Ex-WMG Innovation Chief Scott Cohen Named CEO of Music Investing Platform

Former Warner Music Group executive and the Orchard co-founder Scott Cohen said on Tuesday (Nov. 1) he is taking a new job as chief executive officer of a fintech platform aimed at selling fractional shares in song catalogs.

Cohen, who stepped down from his role as chief innovation officer at WMG in September, said the aim of the new venture is to “fractionalize ownership of music royalties.”

Fractional shares are a familiar concept in finance, and brokerages like Robinhood and Fidelity Investments sell them as a way to buy a slice of a share for less than the price of the whole stock. The market for buying and investing in music publishing rights has traditionally been open to only the world’s largest music companies and, more recently, money managers.

Introducing fractional shares could change that by making it possible for more smaller investors to participate alongside the deep-pocketed private equity funds and major labels.

In an email to Billboard, Cohen said has already secured rights from major artists and catalogs, and his team is now working to build the platform’s technology.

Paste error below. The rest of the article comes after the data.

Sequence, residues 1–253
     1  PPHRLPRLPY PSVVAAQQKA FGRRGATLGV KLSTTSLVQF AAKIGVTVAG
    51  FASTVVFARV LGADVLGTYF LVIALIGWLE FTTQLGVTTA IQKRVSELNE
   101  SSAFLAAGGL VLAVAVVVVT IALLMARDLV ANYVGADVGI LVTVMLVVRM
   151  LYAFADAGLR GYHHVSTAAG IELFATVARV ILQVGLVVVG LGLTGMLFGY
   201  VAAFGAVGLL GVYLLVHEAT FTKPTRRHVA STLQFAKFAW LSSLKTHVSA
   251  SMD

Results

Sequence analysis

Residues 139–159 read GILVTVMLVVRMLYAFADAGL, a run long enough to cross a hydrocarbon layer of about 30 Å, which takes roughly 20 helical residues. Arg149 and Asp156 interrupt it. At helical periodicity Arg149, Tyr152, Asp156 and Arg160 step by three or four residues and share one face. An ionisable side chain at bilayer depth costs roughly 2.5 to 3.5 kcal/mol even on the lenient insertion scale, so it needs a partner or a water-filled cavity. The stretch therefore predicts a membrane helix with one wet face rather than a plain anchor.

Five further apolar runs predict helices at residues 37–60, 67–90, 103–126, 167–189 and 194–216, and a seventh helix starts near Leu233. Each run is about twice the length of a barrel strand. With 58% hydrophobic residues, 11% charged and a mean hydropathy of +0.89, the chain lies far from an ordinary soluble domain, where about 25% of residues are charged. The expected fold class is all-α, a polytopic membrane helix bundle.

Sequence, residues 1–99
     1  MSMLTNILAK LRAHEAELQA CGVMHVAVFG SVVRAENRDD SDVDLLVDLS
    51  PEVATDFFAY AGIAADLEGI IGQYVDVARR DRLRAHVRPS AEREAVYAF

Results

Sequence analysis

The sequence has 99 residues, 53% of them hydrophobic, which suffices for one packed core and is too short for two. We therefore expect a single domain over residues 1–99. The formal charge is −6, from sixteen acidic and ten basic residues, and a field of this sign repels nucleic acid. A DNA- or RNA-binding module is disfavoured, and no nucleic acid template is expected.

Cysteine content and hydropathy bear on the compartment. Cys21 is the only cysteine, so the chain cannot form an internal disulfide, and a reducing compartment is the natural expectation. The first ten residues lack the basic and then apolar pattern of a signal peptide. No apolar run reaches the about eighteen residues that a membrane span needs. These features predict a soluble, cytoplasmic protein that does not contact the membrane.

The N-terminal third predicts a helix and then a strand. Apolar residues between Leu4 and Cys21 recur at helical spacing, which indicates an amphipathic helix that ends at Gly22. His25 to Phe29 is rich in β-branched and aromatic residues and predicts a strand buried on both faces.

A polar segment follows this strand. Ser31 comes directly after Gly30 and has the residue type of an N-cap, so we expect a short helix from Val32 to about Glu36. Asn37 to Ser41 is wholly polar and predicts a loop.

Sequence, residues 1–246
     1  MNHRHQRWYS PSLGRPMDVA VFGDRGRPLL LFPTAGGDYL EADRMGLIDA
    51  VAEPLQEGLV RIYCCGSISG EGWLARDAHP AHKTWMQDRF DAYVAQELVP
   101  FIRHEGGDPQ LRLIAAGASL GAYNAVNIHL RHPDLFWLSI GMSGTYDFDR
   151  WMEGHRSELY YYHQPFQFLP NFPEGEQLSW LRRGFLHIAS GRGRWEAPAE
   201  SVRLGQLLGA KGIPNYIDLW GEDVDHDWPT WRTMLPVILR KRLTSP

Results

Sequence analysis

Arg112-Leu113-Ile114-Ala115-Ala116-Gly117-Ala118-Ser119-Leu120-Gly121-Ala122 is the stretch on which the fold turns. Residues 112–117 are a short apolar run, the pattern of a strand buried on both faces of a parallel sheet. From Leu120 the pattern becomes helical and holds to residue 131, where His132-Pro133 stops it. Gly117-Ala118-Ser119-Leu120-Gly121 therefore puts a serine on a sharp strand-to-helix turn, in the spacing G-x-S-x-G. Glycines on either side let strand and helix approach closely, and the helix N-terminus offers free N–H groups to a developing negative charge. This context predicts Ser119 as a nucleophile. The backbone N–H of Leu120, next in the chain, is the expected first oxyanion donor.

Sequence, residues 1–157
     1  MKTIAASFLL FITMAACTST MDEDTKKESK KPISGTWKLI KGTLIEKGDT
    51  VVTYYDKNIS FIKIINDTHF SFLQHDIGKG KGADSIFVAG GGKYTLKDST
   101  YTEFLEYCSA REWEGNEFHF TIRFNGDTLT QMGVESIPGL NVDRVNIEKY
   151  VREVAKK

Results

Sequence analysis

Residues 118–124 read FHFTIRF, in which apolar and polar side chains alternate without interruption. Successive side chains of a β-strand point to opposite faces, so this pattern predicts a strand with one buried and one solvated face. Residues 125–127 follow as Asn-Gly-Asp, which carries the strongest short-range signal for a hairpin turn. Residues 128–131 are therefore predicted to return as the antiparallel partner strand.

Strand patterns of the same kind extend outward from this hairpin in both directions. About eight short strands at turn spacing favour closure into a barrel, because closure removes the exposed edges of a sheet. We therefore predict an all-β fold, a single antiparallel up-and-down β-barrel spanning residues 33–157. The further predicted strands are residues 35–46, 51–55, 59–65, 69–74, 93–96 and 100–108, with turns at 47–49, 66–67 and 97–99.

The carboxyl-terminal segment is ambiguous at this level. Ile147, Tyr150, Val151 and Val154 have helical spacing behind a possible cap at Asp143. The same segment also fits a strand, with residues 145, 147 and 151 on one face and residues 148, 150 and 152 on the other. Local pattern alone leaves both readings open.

“We have a very aggressive timeline,” said Cohen, declining to provide a specific date when the venture would launch to outside investors.

Prior to joining WMG in 2019, Cohen founded the Orchard with Richard Gottehrer in 1997 and built it into the largest independent distributor on iTunes when the download platform launched in 2003. Cohen and Gottehrer sold the Orchard to Dimensional Associates, the private equity arm of JDS Capital Management, the same year, and subsequently expanded into video, music licensing, marketing & analytics, royalty collections, sports media, neighboring rights and more.

In 2015, Sony Music Entertainment bought out Dimensional Associates for $200 million, and in 2017 merged it with RED into a single global distribution entity operating under the Orchard brand.

While Cohen’s new venture has not yet settled on a name, he described its aspirations and potential as “transformational” for the music industry.

“I am only interested in doing things at scale,” Cohen wrote.